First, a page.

Toronto's CN Tower reimagined as residential high-rise coated in wooden pods

The cluster of parasitic residential units sticks to the concept of the CN Tower's walls from the Toronto studio's quadrangle.

The modular wooden house is nestled by huge cement pieces 553 meters high - the highest in the world and one of the major tourist attractions in the world.

"The quadrangles saw an opportunity to revitalize the towers ideal for market condominiums with superior geographical location, unique views while maintaining the building's existing successful features," the studio said.

The idea involves a windscreen with a shielded structure, and the concrete drilling bracket is suspended between the prefabricated cubes.

Each of the pods may be designed as a selection command having a size and layout. This diversity creates a pixelized effect on the wall of the host pointing out the tower.

The quadrilateral provides cross-laminated Timber (CLT), which are created by smaller glued wood pieces and pegged as architectural wonder material of the 21st century.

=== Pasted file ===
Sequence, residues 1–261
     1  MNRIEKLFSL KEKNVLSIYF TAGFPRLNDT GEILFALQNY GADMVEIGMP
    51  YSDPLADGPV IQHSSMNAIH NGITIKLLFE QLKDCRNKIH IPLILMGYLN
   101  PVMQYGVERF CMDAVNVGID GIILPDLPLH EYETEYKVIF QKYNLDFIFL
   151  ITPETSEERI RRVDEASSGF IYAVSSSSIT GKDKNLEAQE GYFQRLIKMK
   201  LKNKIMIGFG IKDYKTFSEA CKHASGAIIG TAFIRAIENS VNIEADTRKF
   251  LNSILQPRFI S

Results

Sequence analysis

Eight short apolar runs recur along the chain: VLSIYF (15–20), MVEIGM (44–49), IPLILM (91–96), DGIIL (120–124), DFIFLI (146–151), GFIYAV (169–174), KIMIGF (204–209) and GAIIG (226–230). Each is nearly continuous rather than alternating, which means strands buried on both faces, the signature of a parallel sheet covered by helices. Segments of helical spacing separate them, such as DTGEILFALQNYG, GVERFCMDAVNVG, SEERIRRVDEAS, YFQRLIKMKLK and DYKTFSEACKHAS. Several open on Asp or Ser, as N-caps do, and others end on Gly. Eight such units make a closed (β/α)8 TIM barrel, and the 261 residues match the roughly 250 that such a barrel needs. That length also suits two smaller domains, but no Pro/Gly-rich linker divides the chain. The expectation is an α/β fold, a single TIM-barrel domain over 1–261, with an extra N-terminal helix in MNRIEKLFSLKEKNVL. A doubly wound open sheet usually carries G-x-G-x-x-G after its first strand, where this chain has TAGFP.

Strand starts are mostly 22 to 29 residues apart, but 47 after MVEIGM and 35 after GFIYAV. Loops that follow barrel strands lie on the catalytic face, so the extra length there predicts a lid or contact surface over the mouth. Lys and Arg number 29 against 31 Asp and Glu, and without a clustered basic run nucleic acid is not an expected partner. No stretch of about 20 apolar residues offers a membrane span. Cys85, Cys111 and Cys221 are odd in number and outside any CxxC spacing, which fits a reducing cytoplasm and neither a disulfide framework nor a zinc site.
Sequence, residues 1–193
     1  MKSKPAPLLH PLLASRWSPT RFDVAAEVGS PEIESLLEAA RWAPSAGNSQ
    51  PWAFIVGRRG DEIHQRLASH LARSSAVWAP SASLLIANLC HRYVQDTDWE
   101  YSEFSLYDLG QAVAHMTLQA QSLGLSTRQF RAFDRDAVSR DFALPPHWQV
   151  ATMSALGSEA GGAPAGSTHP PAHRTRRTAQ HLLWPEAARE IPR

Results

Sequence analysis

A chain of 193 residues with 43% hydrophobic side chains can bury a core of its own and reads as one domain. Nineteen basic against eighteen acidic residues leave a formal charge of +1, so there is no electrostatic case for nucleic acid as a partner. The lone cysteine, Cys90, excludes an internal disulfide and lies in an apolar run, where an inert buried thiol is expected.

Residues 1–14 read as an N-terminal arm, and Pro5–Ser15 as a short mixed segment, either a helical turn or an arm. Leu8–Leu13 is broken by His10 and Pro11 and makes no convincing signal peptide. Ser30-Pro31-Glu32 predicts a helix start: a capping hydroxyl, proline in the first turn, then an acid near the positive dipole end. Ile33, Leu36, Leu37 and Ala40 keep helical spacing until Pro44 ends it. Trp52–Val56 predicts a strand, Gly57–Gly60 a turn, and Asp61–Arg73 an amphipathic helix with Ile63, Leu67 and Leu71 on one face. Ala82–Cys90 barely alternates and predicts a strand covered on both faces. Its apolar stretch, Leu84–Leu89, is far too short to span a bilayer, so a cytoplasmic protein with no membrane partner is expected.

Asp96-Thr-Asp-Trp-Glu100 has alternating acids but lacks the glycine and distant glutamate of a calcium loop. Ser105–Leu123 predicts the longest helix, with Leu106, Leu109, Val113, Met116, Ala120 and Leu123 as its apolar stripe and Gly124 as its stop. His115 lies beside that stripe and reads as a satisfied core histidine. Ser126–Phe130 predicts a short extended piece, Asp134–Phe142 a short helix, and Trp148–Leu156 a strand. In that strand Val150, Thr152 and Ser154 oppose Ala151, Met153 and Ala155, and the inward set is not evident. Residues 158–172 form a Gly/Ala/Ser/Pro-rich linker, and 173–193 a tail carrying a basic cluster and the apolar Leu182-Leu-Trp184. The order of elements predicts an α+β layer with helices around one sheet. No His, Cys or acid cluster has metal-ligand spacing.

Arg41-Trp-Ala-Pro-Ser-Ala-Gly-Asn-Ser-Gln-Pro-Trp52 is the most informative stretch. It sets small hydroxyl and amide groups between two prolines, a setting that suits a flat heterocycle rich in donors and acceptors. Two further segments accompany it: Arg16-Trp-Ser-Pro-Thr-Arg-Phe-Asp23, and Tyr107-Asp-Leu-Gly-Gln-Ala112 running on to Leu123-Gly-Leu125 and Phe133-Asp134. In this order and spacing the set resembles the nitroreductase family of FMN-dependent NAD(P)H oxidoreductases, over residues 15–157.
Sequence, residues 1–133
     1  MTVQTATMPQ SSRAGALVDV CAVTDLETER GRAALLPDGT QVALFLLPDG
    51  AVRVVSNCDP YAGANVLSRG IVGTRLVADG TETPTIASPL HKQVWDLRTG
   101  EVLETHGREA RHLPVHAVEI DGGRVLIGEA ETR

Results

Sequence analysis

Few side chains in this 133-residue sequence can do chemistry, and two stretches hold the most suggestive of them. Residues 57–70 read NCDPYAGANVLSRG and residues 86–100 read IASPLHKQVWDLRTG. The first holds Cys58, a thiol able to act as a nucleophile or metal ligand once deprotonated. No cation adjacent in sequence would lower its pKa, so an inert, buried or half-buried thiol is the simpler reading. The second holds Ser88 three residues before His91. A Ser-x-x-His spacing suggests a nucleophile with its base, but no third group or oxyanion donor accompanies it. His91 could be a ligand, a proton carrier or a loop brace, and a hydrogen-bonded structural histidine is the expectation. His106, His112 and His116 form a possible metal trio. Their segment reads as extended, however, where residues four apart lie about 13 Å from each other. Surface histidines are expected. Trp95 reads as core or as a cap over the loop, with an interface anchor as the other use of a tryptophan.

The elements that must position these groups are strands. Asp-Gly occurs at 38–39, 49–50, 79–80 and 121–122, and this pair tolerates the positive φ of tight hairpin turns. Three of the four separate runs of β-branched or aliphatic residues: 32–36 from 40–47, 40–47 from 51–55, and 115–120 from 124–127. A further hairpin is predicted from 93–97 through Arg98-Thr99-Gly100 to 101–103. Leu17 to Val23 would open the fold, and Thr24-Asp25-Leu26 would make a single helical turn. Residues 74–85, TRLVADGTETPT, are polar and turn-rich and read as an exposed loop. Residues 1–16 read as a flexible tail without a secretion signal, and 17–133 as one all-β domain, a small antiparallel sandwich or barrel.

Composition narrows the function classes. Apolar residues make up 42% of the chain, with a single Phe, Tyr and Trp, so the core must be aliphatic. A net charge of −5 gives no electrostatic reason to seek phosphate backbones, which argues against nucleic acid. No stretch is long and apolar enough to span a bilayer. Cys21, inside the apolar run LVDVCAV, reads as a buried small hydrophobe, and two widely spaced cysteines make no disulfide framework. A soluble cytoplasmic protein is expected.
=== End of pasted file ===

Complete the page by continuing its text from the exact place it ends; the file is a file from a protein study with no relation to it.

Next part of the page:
"It combines the brightness and strength of the CLT to ensure that the device can" hang the wings "between the wind shields," says CN Tower's quadrangle.

"As the CLT building is designed to be planted in place at the factory and snapped up at the site construction will be fast and safe without the need to negatively impact the travel traffic on the panel."

Structured planks will also be exposed inside, and residents with people in Toronto Ontario will be offered views through large windows.

It is unclear how people will reach their apartment, especially those above, but the explanation shows multiple units linked together by the stairs.

In the CN Tower it was designed by a local company WZMH Architect, and was completed in 1976, a television and radio communication mast. It has a 360 degree restaurant and several levels of surveillance, including a glass adventurous floor deck for visitors.

The tower holds the title of the highest freestanding structure in the world for 34 years, until it is surpassed by both Buraj khalifa in Dubai and Canton Tower in Guangzhou.

"Quadrangle's proposal reinvents the landmark and in so doing also reinvents the tower as a symbol of Toronto's ingenuity and progress," said principal Richard Witt.

"We wanted the flexibility of its design to inspire other major developments in independent global similar projects, increasing their value to their home and environment."

Other iconic structural parasitic proposals around the world include the Eiffel Tower in Paris at the upper lattice extension and the New York State Hall at the top of Philip Johnson's giant round shed.